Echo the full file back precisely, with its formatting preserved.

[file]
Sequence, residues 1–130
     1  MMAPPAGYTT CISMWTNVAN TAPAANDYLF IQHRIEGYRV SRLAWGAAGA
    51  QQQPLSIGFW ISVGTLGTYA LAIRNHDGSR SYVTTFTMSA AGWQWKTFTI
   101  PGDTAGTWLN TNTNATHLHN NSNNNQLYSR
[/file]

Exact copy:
Sequence, residues 1–130
     1  MMAPPAGYTT CISMWTNVAN TAPAANDYLF IQHRIEGYRV SRLAWGAAGA
    51  QQQPLSIGFW ISVGTLGTYA LAIRNHDGSR SYVTTFTMSA AGWQWKTFTI
   101  PGDTAGTWLN TNTNATHLHN NSNNNQLYSR